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Birmingham City losing £1m a month

News comes ahead of annual results as Hong Kong-listed parent company announces profit warning

Xavier Itter/Newsteam
Birmingham City FC

Birmingham City's cash-stricken Chinese owners are losing an astonishing £1 million a month.

The steep losses have plunged Hong Kong-based Birmingham International Holdings even deeper into the red - piling up a cash deficit of around £12 million in one year.

A 20 per cent increase in the shortfall has pushed BIHL into the £1 million a month losses bracket - with no sign of any agreement over a sale of the club.

The rising losses, revealed in a profit warning announcement to the Hong Kong Stock Exchange, will raise concerns over Blues' budget with the new season only days old.

BIHL said in a statement: "The board wishes to inform the shareholders and potential investors that, based on the preliminary assessment of the group's unaudited management accounts, the group is expected to record a significant loss for the year ended June 30, 2014.

"Shareholders and potential investors are advised to exercise caution when dealing in the shares of the company."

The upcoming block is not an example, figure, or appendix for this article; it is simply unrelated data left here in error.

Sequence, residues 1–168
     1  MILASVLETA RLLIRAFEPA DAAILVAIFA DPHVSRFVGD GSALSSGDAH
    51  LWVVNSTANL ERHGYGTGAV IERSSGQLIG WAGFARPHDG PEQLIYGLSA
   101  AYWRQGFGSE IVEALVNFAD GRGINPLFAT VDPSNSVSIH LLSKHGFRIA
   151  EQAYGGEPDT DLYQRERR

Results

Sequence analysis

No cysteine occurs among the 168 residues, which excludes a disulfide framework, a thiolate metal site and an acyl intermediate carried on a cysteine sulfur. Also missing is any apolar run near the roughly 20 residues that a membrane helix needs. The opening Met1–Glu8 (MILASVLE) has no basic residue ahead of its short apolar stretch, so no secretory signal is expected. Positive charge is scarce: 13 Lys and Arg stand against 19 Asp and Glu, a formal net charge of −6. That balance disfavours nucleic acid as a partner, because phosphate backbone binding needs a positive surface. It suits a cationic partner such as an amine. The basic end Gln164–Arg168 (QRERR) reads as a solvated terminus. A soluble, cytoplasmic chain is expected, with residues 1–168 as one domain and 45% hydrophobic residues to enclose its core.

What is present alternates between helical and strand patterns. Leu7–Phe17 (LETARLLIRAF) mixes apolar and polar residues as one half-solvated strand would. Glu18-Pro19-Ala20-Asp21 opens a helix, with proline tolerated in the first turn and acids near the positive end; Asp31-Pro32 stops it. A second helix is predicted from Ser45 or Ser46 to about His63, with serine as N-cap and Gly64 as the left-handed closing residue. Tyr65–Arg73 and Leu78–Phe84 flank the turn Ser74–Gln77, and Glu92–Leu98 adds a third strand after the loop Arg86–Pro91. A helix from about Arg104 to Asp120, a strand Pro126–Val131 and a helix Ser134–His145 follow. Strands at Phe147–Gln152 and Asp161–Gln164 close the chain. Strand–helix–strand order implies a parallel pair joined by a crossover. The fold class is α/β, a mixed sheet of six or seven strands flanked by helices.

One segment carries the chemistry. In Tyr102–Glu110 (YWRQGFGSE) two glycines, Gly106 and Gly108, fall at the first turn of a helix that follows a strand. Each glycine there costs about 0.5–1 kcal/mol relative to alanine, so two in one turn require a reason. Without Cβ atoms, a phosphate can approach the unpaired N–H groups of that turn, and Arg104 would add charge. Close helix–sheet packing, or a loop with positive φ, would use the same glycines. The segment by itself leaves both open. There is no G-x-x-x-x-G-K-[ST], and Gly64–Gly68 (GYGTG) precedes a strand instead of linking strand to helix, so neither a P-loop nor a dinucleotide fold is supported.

The statement said the losses were due to a "decrease in revenue generated from the company's principal business and decrease in profit generated from sales of player's registrations".

"The group's revenue decreased by approximately 17 per cent and the net loss attributable to shareholders increased by approximately 20 per cent, as compared to respective figures for the year ended June 30 2013," it added.

The statement stressed that the profits warning was based on unaudited figures and the 'actual results' could be 'different from what is disclosed herein.' The audited results will be issued next month.

BIHL's results for the year to the end of June 2013 were delayed until the end of November last year, revealing losses of around £10 million.

At the time, football finance expert Peter Knowles said: "Their expenses are higher than their income.

"The only view that I can take is that the holding company is not a going concern unless the brokers in Hong Kong are able to raise funds."

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